Background: The interaction of glomerular epithelial cells (GEC) with their underlying basement membrane is of critical importance in maintaining normal glomerular function. Little is known regarding their expression and use of extracellular matrix adhesion receptors in normal conditions and during pathogenic states.
Experimental design: To examine the use of such receptors, we have produced monoclonal antibodies that inhibit the function of the rat alpha 2 beta 1 integrin receptor (VLA-2) and the common beta 1 subunit. The monoclonal antibodies have been used to examine the expression and functional use of these receptors by rat glomerular cells cultured in vitro.
Results: Rat glomerular visceral epithelial cells are unusual in that, unlike many of the epithelium seen in vivo, these cells do not express VLA-2, an integrin receptor with affinity for laminin and collagen. Our results demonstrate that differentiated GEC, newly isolated from glomeruli, do not use VLA-2 for attachment to collagen and laminin-coated surfaces. However, after 3 days of in vitro growth, approximately 50% of these cells express this receptor and, upon their first in vitro passage, selectively utilize VLA-2 for attachment to collagen but not to laminin-coated surfaces. After long-term maintenance in culture, all GEC express VLA-2, and utilize this receptor for binding to collagen and in their interaction with laminin. In contrast, VLA-2 plays only a partial role in the adherence of mesangial cells to collagen and is not involved in their attachment to laminin-coated surfaces.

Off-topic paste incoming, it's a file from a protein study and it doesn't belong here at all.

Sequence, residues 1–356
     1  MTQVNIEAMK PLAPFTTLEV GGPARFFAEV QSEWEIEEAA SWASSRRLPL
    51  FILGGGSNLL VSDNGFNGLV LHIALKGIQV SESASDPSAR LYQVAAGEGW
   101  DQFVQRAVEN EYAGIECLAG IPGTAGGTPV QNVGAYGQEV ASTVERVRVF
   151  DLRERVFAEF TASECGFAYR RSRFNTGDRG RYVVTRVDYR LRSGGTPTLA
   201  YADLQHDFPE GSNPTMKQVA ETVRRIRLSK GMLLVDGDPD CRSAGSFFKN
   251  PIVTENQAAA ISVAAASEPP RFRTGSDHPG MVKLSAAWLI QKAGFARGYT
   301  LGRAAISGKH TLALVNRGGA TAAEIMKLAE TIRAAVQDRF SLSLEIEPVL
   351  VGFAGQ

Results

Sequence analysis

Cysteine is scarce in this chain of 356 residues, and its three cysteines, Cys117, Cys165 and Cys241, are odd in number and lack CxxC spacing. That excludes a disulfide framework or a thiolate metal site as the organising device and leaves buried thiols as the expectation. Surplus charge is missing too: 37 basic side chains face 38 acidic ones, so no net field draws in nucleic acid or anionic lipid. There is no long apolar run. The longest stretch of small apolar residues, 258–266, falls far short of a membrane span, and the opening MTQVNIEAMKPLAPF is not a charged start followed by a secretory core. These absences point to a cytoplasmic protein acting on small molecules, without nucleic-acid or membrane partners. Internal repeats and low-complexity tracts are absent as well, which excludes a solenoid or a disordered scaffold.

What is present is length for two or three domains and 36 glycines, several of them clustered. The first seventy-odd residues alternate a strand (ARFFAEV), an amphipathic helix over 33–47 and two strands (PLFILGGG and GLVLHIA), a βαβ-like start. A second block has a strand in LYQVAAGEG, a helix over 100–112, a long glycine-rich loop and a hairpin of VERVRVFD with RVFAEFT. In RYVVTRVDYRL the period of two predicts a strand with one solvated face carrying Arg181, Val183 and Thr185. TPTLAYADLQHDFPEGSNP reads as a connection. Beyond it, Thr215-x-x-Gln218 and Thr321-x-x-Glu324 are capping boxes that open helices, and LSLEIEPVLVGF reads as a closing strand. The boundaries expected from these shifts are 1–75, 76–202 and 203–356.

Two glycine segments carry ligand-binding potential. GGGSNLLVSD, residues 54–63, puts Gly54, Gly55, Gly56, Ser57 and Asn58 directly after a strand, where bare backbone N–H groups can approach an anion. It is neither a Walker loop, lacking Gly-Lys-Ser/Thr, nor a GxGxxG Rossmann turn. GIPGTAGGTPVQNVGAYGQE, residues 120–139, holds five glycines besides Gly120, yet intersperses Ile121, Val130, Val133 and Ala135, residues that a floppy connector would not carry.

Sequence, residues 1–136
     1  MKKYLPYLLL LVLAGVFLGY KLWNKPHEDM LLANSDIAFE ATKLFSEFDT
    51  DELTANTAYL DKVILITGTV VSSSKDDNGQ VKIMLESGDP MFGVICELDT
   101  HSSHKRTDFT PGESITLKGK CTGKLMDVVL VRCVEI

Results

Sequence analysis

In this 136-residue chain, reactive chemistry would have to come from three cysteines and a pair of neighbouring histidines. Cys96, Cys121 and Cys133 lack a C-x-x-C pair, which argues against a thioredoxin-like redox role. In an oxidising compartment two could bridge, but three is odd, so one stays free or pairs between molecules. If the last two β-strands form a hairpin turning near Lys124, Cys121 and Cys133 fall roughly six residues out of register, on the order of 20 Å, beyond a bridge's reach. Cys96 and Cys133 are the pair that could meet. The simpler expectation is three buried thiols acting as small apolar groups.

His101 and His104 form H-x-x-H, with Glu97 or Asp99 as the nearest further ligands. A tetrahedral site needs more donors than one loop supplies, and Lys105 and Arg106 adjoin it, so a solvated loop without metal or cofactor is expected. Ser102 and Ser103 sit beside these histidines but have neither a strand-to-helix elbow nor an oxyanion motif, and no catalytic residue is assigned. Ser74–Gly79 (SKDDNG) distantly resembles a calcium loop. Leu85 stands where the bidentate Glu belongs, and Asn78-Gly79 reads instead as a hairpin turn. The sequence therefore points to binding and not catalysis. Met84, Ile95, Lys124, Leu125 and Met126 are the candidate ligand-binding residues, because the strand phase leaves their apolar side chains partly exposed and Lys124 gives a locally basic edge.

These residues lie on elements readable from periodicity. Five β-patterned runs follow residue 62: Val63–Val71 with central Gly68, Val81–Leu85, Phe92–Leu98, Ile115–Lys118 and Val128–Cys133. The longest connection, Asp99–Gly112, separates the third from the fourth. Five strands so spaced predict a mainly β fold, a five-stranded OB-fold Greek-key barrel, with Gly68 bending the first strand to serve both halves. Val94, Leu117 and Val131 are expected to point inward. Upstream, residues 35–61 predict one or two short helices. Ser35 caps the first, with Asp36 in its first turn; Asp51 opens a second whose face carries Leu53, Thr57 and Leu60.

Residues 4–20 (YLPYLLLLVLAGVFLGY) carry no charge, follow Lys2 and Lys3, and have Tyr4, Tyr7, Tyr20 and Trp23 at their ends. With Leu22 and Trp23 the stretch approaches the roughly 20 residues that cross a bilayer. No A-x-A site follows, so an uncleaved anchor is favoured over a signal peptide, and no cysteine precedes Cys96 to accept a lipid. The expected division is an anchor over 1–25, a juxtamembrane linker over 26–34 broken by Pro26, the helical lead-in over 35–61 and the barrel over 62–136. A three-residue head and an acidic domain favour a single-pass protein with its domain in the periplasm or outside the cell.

Conclusions: These results show that, as GEC become adapted to in vitro growth, they begin to synthesize and use the VLA-2 integrin receptor suggesting a simultaneous downregulation or inactivation of other beta 1 type integrin receptors. This ability to modulate their receptor repertoire may allow GEC to respond to pathologic conditions in vivo.